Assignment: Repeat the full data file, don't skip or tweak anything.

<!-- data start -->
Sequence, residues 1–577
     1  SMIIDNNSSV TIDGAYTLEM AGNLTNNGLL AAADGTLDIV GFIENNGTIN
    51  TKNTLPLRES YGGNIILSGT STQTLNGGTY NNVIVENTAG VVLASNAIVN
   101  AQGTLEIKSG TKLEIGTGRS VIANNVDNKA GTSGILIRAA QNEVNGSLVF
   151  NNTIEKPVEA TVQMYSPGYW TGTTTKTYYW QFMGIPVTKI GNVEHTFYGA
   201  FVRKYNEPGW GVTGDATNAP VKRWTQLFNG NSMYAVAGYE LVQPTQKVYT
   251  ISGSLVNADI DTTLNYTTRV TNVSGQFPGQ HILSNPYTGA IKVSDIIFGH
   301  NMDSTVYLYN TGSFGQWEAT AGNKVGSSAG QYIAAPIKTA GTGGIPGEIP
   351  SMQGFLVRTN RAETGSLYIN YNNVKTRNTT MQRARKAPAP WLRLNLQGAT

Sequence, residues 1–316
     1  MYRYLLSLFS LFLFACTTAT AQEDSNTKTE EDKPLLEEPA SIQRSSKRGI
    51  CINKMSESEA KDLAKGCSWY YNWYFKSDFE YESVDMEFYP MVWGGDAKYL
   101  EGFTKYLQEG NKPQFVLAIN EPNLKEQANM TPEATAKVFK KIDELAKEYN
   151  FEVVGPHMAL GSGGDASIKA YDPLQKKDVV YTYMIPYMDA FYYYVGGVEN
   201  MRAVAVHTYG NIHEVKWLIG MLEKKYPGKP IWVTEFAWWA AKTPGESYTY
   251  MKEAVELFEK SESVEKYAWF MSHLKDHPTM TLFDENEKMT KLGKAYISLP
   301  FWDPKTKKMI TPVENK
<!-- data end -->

Sequence, residues 1–577
     1  SMIIDNNSSV TIDGAYTLEM AGNLTNNGLL AAADGTLDIV GFIENNGTIN
    51  TKNTLPLRES YGGNIILSGT STQTLNGGTY NNVIVENTAG VVLASNAIVN
   101  AQGTLEIKSG TKLEIGTGRS VIANNVDNKA GTSGILIRAA QNEVNGSLVF
   151  NNTIEKPVEA TVQMYSPGYW TGTTTKTYYW QFMGIPVTKI GNVEHTFYGA
   201  FVRKYNEPGW GVTGDATNAP VKRWTQLFNG NSMYAVAGYE LVQPTQKVYT
   251  ISGSLVNADI DTTLNYTTRV TNVSGQFPGQ HILSNPYTGA IKVSDIIFGH
   301  NMDSTVYLYN TGSFGQWEAT AGNKVGSSAG QYIAAPIKTA GTGGIPGEIP
   351  SMQGFLVRTN RAETGSLYIN YNNVKTRNTT MQRARKAPAP WLRLNLQGAT

Sequence, residues 1–316
     1  MYRYLLSLFS LFLFACTTAT AQEDSNTKTE EDKPLLEEPA SIQRSSKRGI
    51  CINKMSESEA KDLAKGCSWY YNWYFKSDFE YESVDMEFYP MVWGGDAKYL
   101  EGFTKYLQEG NKPQFVLAIN EPNLKEQANM TPEATAKVFK KIDELAKEYN
   151  FEVVGPHMAL GSGGDASIKA YDPLQKKDVV YTYMIPYMDA FYYYVGGVEN
   201  MRAVAVHTYG NIHEVKWLIG MLEKKYPGKP IWVTEFAWWA AKTPGESYTY
   251  MKEAVELFEK SESVEKYAWF MSHLKDHPTM TLFDENEKMT KLGKAYISLP
   301  FWDPKTKKMI TPVENK